There are outright some seemingly logical, if not radical, options:
- Reboot. Quit our jobs, move out to another country or town, start a new business or finding an occupation we very much rather like to do;
- Adapt: Look from a new mindset. See the positive side of the present routine. Change what you can and negotiate compromises with superiors & family members. In other words, live with what we got;
- Escape: Do hobbies and join groups we like on our spare times. Travel. Don’t work after office hours. Allocate a “me” time to do the stuff we like and make sure not to read email, answer calls, or scan social media during these personal times;
- Just Say “NO.” Refuse to do favours. Disagree with bosses on assignments. Argue. Stand our ground. Push back. Fight.
Unfortunately, there are repercussions as well as benefits to these aforementioned options. Saying ‘No’ and arguing can lead to harmful conflict, for instance.
To avoid repercussions, Stephen Covey says we should grow our circle of influence in which we become capable of convincing others to see our positions. This requires being proactive in doing things we have power over, or to put it another way, changing what we can change while acknowledging what we can’t. When we change what we can, our accomplishments help expand our influence and we get more things done consistent with our goals. It’s easier said than done, however, especially if we have small circles of influence to start with versus goals that are ambitious.
The Eisenhower Decision Matrix is a tool for how we manage and plan our schedules. The idea is to categorise whatever tasks are on our plates and see how many of each would go into each of the quadrants. It’s a way of knowing how we are choosing to spend our time.
If we’re doing a lot of urgent and important tasks lately, we should review our goals. Maybe they are too ambitious and deadlines are too tight?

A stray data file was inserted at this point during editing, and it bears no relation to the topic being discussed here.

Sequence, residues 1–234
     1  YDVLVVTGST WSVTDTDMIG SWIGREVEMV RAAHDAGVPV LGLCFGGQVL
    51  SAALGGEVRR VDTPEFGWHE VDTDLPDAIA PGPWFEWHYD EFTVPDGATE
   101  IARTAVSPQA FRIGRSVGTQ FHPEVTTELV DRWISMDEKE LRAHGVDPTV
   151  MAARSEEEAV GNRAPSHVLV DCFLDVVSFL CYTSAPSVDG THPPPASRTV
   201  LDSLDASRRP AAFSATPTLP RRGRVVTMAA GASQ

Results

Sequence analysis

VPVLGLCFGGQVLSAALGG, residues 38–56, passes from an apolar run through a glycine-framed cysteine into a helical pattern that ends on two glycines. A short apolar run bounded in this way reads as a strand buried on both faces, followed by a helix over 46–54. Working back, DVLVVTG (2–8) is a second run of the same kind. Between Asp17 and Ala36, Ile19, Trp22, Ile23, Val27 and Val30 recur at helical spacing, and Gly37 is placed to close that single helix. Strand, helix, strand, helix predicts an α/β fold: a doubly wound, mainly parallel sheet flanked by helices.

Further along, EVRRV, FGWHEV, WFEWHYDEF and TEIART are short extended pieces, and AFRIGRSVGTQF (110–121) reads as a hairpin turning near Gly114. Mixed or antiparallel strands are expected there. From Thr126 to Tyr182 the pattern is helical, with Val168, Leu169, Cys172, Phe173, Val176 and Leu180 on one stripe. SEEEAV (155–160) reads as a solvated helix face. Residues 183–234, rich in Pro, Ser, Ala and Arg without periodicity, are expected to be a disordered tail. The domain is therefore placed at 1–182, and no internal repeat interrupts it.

If we’re involving ourselves with more urgent and un-important activities, we should ask why we are choosing to do them. Maybe we lack clear goals? Or maybe we really don’t like the goals we had set for ourselves in the first place?
When we wish we were somewhere else doing something else, it’s probably high time we review our schedules. The Eisenhower Decision Matrix that Stephen Covey champions is a good tool to see what we’ve been doing. It may show we may be doing more urgent tasks important for other people than for ourselves and that we may need to reboot, adapt, escape, or just say ‘no.’ We may also need to review our goals; maybe they are too ambitious or we are not really enrolled in them in the first place.
We classify what is urgent based on the insistence and demands of others and we categorise what is important based on our goals. We choose what we do with our time. If we bow more to urgencies, we do so because of choice not force. Whatever the urgency, it always come down to us to choose what our response is. That’s how Stephen Covey defines proactivity. That’s what we should always keep in mind.